A rollercoaster electoral battle : The Tribune India

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A rollercoaster electoral battle

A rollercoaster electoral battle

Photo for representation. File photo



Satish Kumar Sharma

ON a hot, windless evening of May 1996, the counting of ballots for the Vadodara Lok Sabha election threw up a cliffhanger — lightweight Congress candidate Satyajitsinh Gaekwad was ahead of his formidable BJP rival Jitubhai Sukhadia by all of 17 votes. I was then a DCP in the city and in charge of law & order and security at the counting centre, a polytechnic college. My batchmate, IP Gautam, was the Collector and the District Election Officer (DEO).

For Gautam, it was a tricky situation as the Congress candidate was demanding that he be declared the winner, while the BJP nominee wanted a recount. The latter’s party was ruling the state; the CM and senior leaders of both parties were making frenetic phone calls to the DEO.

Gautam acted swiftly. First, he disconnected his telephone. Next, he agreed to consider the BJP candidate’s petition for recounting and gave him an hour to file it.

I was at the control room of the counting centre when supporters of both parties gathered outside. Before I could react, hundreds of them thronged the passage outside the control room. Anything was possible — a clash, a stampede or ransacking of the counting centre. I rushed out and employed the force available to push the crowd back and clear the passage. Then, I called for reinforcements. The personnel arrived within minutes and we managed to restore order inside the building and outside.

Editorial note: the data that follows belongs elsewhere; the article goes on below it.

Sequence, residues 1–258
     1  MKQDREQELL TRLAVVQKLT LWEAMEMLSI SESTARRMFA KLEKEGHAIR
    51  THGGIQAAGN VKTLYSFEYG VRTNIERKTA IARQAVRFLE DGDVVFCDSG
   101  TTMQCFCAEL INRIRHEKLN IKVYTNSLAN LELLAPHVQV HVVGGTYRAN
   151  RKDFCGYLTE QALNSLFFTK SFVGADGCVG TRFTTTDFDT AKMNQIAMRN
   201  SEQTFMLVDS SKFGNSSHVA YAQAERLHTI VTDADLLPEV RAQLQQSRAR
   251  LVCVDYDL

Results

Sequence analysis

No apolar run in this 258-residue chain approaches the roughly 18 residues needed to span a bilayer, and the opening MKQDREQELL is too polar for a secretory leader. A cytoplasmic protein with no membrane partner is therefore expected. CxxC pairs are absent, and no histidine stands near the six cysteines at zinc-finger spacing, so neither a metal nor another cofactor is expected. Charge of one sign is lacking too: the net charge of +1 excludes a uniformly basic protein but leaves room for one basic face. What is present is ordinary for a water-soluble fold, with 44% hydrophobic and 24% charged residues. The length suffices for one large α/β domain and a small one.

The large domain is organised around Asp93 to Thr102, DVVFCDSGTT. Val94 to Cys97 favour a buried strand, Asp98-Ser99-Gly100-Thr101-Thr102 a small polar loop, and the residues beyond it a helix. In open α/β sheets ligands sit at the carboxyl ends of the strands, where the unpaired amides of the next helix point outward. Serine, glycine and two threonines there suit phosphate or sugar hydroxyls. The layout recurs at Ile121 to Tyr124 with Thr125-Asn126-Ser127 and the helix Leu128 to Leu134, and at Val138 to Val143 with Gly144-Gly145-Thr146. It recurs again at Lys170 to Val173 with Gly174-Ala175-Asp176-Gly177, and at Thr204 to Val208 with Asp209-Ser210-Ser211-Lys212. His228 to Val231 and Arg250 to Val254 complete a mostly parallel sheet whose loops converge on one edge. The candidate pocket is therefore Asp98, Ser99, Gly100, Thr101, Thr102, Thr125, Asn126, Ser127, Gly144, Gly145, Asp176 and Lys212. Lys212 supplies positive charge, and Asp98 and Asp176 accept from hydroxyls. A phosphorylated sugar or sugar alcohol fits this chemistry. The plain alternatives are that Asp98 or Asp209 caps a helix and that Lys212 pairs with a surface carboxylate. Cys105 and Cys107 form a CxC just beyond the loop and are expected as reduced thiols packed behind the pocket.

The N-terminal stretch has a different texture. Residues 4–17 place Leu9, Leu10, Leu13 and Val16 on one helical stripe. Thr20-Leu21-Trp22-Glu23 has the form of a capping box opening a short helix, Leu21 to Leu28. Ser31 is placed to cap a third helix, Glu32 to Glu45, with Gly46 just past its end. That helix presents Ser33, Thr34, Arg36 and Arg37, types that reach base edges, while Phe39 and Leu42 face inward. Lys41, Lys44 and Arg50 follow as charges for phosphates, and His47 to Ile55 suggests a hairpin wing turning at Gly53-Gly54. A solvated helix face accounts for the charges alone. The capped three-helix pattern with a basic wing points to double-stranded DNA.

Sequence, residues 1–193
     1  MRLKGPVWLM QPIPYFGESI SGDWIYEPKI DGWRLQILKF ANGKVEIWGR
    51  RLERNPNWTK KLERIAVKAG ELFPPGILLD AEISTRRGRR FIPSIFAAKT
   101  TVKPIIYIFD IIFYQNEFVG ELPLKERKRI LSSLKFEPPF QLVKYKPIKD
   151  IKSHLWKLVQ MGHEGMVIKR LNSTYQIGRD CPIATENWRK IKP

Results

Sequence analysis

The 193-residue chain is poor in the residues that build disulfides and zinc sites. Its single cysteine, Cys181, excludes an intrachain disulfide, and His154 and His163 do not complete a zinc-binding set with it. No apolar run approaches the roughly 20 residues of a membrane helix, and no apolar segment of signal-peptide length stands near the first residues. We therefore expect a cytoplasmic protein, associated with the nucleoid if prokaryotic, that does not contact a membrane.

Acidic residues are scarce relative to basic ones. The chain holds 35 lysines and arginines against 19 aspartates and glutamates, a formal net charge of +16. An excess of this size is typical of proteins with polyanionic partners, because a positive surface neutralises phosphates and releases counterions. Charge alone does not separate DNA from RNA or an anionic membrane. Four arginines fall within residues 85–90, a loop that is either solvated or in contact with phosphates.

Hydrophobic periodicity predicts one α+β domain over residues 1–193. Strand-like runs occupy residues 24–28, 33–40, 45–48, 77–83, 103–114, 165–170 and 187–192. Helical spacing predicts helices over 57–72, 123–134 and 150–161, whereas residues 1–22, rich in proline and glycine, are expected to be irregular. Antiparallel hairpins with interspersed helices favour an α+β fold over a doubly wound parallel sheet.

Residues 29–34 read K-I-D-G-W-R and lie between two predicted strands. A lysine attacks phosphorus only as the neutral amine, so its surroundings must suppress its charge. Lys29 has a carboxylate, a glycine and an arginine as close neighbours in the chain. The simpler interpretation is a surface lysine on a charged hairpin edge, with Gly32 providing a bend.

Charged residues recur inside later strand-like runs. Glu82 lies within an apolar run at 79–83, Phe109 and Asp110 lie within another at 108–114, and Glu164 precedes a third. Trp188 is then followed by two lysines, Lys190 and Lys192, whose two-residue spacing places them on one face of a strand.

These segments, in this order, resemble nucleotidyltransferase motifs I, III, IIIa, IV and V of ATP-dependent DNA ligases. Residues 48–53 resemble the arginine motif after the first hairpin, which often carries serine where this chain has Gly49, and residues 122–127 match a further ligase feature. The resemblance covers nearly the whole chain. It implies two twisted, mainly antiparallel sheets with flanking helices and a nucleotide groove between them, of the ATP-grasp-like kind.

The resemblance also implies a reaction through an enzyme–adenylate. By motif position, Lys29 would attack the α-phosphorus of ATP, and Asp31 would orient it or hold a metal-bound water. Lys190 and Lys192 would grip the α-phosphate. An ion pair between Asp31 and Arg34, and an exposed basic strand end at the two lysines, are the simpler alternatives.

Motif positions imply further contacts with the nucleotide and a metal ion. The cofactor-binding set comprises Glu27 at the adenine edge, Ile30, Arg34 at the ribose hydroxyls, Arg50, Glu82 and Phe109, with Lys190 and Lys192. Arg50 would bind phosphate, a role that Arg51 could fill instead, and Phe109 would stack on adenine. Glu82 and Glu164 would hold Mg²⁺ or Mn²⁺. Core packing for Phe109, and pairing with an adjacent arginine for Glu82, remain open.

On returning to the control room, I found the DEO wondering whether he should allow recounting. If he allowed it and the BJP candidate emerged the winner, his impartiality would come under a cloud and the Congress nominee was sure to demand a second recounting. If he rejected the petition, his decision was likely to be challenged in the court, and perhaps successfully.

Only days earlier, Gautam had had a confrontation with the redoubtable TN Seshan, then Chief Election Commissioner (CEC). A difference of opinion over a technical point had snowballed into a showdown. Gautam had held his ground and explained his position in a letter. Finally, Seshan had to blink. But now, Gautam was facing a new problem.

Past midnight, the BJP candidate submitted his petition for recounting. The safe course for the DEO would have been to allow it, but he chose the correct option. He fixed an open hearing to consider the plea. Meanwhile, both parties had marshalled legal teams to plead their case. Gautam heard the arguments and counter-arguments and then passed a reasoned order rejecting the petition. To this, the Central observers gave their consent and the order was faxed to the CEC for confirmation.

The wait was pregnant with suspense. At last, in the wee hours, the Congress candidate was declared the winner.

As expected, Gautam’s decision was challenged, but both the high court and the Supreme Court upheld it.

#BJP #Congress #Lok Sabha


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